I want to argue that they have indeed gotten much better and that you must be careful to note the vantage points from which you survey the problems to make this judgment.
Before PK crypto, symmetric key distribution was easy to understand and hard to do. Keys were transported physically ahead of need in ways that would reveal if they had been copied, or they were conveyed thru more secure channels, in those few cases where there were such. In cases of introduction, the introducer could convey a new key thru whatever presumably secure channels previously existed. The introducer would also know the new key.
You have learned about X thru several sources. You compare what you have heard about X and decide that you want to communicate with X. If the name by which you learn of X is his public key, or its finger print, then you can be confident that messages encrypted to that public key will be decrypted only by the holder of the corresponding private key. If the person who has warranted this reputation has also guarded this private key then public key crypto has done something that known symmetric key protocols could not have done. The various sources from whom you heard of X would have had to collude and furnish a bogus key fingerprint. If they wish to collude they may as well have invented X and his key. This is a failure of the reputation system not of crypto.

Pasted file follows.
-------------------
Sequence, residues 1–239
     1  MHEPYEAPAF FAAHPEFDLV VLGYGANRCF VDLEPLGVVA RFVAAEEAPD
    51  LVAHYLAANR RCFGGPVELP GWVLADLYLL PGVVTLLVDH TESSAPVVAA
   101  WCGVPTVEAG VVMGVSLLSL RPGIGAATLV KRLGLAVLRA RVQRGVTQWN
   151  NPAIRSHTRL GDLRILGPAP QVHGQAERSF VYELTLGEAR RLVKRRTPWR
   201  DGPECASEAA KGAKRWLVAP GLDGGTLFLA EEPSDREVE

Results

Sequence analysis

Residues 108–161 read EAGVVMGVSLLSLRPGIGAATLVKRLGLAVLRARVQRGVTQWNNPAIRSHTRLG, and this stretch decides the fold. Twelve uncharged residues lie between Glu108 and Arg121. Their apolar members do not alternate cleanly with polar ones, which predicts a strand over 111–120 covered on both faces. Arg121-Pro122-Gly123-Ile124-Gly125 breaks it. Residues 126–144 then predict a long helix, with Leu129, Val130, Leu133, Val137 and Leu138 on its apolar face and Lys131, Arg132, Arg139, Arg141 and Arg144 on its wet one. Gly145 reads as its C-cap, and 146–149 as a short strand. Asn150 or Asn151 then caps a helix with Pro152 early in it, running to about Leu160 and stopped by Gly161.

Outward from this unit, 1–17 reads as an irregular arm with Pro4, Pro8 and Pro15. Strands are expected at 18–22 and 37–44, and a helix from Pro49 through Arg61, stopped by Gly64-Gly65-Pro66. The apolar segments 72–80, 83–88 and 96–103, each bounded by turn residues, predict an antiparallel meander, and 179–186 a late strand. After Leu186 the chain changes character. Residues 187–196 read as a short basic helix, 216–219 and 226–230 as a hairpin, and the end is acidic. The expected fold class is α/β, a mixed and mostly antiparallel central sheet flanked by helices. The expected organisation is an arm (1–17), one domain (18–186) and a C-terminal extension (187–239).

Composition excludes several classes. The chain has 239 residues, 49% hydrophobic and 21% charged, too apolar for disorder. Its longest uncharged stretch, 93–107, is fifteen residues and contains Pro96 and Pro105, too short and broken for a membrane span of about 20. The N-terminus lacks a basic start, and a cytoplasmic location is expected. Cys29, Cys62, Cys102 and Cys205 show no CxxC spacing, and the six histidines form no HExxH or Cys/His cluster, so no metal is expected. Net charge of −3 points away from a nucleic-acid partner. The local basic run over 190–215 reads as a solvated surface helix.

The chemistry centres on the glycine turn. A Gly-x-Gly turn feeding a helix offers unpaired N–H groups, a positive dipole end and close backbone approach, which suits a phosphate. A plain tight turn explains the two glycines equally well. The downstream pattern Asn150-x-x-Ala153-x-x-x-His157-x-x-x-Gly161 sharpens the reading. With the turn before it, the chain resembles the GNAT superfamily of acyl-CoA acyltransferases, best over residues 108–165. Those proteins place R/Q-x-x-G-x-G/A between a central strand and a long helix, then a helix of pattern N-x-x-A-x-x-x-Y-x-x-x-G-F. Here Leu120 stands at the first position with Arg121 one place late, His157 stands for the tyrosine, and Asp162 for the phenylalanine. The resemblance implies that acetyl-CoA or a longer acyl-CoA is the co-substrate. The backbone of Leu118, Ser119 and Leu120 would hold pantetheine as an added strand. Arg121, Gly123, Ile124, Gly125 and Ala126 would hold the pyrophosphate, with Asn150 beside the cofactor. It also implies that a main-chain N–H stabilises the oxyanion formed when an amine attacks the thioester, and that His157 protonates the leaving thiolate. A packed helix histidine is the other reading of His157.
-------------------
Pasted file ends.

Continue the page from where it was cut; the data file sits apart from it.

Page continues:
Note that the above scenario requires no CAs, PKI nor “key signing”. I discriminate between introducers and CAs in that an introducer tells you about the person and why you might need to communicate with him, whereas a CA only connects the “distinguished name” to the public key.
Until introducers think to convey finger prints along with recommendations, CAs will serve a purpose. Enterprise CAs may well set enterprise security policies.
I was skeptical of any useful kind of global name until the practical public keys were invented. The public key is it.